June 26, 2020 at 12:10 pm #2799
<p style=”text-align: left;”>Hi. I’m hoping someone could help with a query about brake bleeding. I have an a40 Somerset and the brake pedal felt spongy. I tried and tried to unscrew the top off the reservoir and couldn’t so I went for the alternative option of removing it from the brake pipe, emptying it and took it indoors where I heated it up and finally got the lid off. I then cleaned the threads with wire brush and put a bit of copper grease on them to enable me to easily screw the lid on and off.</p>
After that I connected my bleeder tool to the lid so I could do a full system flush. My bleeder kit had a lid that seemed to fit the reservoir well and tightened on to the reservoir well.
When I added pressure to It, the brake fluid came pouring out through the reservoir lid I.e not sealing properly. I’m thinking one of 2 probs. 1. It’s got a slightly different thread on the reservoir cap to the modern lid that needs to be connected in order to use the bleeding kit or 2. There is something wrong with the reservoir I.e. maybe the neck of the reservoir is bashed slightly and is letting fluid through. I can buy a new reservoir on eBay for £45 but it will not fix the problem if the problem is a mismatched thread between the old style bottle and the modern lid. Any ideas?
I need to do a full flush and the pedal goes straight to the floor now as it would. I think I’m beyond being able to just bleed it by pumping the brake pedal.
PaulJune 26, 2020 at 7:22 pm #2801PeteJSKeymaster
Your theory about the cap on your brake bleeding kit is almost certainly correct, and it may well continue to leak, though I’ll stand corrected if any ‘Counties’ member has successfully used such a kit.
Assuming there’s no fault with the master cylinder or slave cylinders, I don’t see why the manual method of brake bleeding wouldn’t work (using a tube with a non-return valve attached to the bleed nipple). You’d probably use more brake fluid to do it, and you’d need two people, but on the positive side you’d end up flushing the whole system through with clean fluid. Even starting with a completely empty system you could still bleed the brakes in this manner.
June 28, 2020 at 12:08 am #2807number5Participant
- This reply was modified 9 months, 4 weeks ago by PeteJS.
Hi–PeteJS is correct, using just the original reservoir and 2 persons. Firstly though, are you using the correct type of fluid, such as a Dot 3 for original type seals and rubbers. The brand should not matter, as long as it is not a modern one that can affect seals. Fill it to just under the shoulder, and presuming the reservoir is on the drivers side, start at the rear left, then rear right, front left and finally front right.
Connect a short length of clear hose tightly of the bleeder, into a clear bottle with about an inch of fluid with the hose immersed to the bottom. Then using several slow pumps of the pedal, even if it goes to the floor, hold it down, then release the bleeder and observe the result in the bottle-bubbles may not initially be evident, then nip the bleeder tight. Repeat at least two more times, even if bubbles are not seen.
Then in turn, shift to the right rear, left front and finally the right front. Keep an eye on the fluid level in the bottle. By the time all 4 are done, progress should have been made.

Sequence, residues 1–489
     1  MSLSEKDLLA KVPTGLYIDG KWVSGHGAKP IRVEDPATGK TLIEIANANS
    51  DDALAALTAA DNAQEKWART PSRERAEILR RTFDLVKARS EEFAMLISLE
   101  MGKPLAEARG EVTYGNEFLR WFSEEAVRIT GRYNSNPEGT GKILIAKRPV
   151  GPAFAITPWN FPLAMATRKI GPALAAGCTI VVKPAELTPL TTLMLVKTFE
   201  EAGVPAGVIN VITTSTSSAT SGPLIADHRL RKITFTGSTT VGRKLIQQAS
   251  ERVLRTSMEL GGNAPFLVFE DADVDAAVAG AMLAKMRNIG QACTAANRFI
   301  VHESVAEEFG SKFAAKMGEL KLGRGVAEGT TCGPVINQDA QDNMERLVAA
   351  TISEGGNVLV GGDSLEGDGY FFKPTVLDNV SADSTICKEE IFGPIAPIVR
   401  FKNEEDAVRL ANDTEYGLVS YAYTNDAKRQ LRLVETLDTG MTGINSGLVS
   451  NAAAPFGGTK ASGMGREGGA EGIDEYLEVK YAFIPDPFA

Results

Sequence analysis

Perhaps a second round might be needed, which if after that, should the pedal still go to the floor, something would seem to be amiss. As the supply is from the master cylinder, it might simply need a new kit, or an overhaul. If that has to be done, ask your brake repairer about getting it lined with a stainless sleeve.
Be sure not to mix modern fluids in systems with the older fluids.
Happy Austineering-Peter.June 28, 2020 at 5:02 pm #2809
Thanks for the advice guys. I suspected that it was a thread problem. I’ll go with your advice then and attempt it again manually. It was dot3 I was trying to use btw. I’d seen a post elsewhere about making sure it was dot3. Thanks again for the advice. I’ll let you know how I get on. 👍👍👍July 9, 2020 at 9:49 am #2821DavewhyParticipant
I’ve just successfully used an Gunsons EasyBleed with my A90 with no problem. One of the caps is the right size and thread. Please remember to disconnect the Handbrake linkage that goes to the cable at the rear of the car before you bleed. Also ideally slacken off the adjusters so that the wheel cylinders can move.
DaveJuly 16, 2020 at 4:11 pm #2825
Thanks for all the advice everyone. I finally managed to sort it. I think it was the seals in the master cylinder that had gone. I replaced them and just manually bled the brakes. I’ve got them working and finally a more solid brake pedal. Thanks again folks. I’m sure I’ll be asking for advice again during the restoration. It’s getting there tho. I’ve got a running engine and brakes now. Watch this space 😊February 22, 2021 at 5:41 am #3247nitaat54Participant
Hi Again from Australia, I am reconditioning the head on my 1950 Austin Devon 1200cc, I think this has been done before main thing is what would be the minimum thickness of the head before you can’t take any more off? looks as it just needs a clean not to straightening it.
Thanks in advanceFebruary 22, 2021 at 5:44 am #3249nitaat54Participant
ops wrong place wrong subject, sorry people.April 16, 2021 at 5:04 pm #3851wurrsParticipant
Late reply to brake bleeding query. Like Dave Why I successfully used a Gunsons Easibleed on a Somerset, albeit I found I had to tighten the easibleed cap onto the reservoir with a mole wrench before it would work without leakage!
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